Rabbits have the largest impact of any pest in Australia, both economically and environmentally, according to regional pest animal coordinator John Nolan.
He said they contribute to land degradation, weed dispersal, the removal of native pastures and plantings and of course crop damage.
Following rain in April and May, rabbits are in a breeding cycle and Mr Nolan said winter is a good time to try and reduce pest numbers.
‘‘Rabbits are seasonal breeders and this will normally occur after we’ve had rain and things start to green up, which is what has happened.
‘‘Landholders are encouraged to look out for fresh digging at roadsides and coordinate control if they discover an active warren.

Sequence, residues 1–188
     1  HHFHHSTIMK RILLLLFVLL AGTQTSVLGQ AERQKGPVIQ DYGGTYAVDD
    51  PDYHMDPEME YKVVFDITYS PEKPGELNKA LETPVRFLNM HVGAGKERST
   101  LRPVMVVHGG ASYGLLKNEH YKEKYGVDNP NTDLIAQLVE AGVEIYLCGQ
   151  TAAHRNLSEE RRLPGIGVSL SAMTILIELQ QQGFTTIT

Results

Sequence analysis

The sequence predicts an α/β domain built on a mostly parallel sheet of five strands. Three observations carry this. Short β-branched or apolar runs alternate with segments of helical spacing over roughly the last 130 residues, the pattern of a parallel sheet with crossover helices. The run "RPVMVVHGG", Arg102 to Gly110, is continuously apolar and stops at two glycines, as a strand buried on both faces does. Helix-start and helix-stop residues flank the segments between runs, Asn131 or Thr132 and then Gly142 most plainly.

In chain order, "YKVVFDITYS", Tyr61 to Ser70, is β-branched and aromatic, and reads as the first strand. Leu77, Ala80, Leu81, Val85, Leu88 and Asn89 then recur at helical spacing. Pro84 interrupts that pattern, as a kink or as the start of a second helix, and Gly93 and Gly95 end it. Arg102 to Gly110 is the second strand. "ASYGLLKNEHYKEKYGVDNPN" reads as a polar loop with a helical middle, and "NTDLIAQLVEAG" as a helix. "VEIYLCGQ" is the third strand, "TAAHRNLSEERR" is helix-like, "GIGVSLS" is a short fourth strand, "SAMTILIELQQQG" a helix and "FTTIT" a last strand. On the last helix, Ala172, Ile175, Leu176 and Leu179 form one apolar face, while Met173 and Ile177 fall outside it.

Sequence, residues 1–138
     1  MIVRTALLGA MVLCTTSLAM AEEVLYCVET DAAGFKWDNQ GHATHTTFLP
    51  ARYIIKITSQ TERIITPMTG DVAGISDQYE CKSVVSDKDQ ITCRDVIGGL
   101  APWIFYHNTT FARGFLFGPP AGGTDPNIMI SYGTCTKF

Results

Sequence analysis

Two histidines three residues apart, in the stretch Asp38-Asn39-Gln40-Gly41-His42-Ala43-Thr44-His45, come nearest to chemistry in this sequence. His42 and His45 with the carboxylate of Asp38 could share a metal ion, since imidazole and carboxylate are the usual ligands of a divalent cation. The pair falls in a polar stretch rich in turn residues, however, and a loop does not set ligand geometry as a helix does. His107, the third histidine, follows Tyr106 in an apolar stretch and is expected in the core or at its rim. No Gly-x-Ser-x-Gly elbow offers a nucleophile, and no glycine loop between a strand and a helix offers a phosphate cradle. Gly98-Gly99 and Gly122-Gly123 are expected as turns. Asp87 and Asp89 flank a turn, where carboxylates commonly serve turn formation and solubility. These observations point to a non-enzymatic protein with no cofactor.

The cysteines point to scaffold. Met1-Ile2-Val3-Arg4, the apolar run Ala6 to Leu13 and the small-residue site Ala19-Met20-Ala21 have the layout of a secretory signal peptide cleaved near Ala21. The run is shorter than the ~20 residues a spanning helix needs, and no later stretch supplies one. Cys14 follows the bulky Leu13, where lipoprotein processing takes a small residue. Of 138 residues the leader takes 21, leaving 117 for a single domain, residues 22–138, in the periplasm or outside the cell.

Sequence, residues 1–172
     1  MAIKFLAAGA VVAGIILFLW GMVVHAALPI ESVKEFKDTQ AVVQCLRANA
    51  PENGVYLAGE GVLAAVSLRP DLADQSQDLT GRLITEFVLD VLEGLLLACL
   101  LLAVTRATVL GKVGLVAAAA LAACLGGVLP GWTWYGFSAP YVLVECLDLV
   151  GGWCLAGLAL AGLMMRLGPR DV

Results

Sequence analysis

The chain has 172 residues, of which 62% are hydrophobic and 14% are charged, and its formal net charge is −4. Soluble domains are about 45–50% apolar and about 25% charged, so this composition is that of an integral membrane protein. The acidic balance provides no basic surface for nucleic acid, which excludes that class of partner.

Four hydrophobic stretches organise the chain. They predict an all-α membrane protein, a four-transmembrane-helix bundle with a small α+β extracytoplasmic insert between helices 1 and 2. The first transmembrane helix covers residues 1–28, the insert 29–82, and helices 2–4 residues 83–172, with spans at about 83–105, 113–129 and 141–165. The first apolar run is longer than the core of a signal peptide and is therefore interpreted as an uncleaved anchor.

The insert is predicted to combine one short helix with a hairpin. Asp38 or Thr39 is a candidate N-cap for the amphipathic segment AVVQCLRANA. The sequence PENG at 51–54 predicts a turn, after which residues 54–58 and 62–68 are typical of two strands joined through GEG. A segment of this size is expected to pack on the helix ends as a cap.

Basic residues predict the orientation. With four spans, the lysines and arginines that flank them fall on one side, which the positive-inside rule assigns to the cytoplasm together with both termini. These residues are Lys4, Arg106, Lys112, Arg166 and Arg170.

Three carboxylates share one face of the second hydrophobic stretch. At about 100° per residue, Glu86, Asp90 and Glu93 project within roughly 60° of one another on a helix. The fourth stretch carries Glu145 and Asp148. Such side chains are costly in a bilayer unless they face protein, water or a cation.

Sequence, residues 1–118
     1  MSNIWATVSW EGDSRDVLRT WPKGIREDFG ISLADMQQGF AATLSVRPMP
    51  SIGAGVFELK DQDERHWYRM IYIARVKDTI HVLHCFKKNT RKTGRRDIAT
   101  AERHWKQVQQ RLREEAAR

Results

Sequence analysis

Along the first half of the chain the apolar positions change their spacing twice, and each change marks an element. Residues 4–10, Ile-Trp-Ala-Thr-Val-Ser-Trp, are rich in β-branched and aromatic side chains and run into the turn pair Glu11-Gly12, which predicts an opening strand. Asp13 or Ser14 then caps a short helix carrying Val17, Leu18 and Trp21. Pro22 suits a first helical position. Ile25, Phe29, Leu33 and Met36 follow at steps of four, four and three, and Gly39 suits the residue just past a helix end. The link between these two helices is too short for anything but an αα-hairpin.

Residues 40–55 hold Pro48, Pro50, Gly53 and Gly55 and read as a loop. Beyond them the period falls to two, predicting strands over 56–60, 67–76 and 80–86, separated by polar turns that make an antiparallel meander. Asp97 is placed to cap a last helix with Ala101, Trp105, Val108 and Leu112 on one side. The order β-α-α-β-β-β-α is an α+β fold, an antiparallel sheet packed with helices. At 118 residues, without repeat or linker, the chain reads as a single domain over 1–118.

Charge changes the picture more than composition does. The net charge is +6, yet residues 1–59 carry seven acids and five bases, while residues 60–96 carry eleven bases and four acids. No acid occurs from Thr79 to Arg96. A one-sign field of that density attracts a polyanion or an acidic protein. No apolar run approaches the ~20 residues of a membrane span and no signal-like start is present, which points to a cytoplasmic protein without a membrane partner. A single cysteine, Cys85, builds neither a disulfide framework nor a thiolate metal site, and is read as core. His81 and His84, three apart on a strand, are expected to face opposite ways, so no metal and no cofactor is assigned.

‘‘For broadscale areas we recommend the use of baited carrots or oats. Once you have the rabbits knocked down, you need to rip the warrens. Now is a great time to do it, when the ground is a bit softer.
‘‘If you only have small pockets, or where you have livestock or other non-target species around, fumigation is the better option. If there is moisture in the ground and warrens it is activated much better and will help you get a quick knock down.’’
Mr Nolan said when landholders are searching for signs of rabbits, they should also be looking for signs of virus or myxomatosis.
‘‘The rain has also brought a big explosion of flies which are carriers of the virus,’’ he said.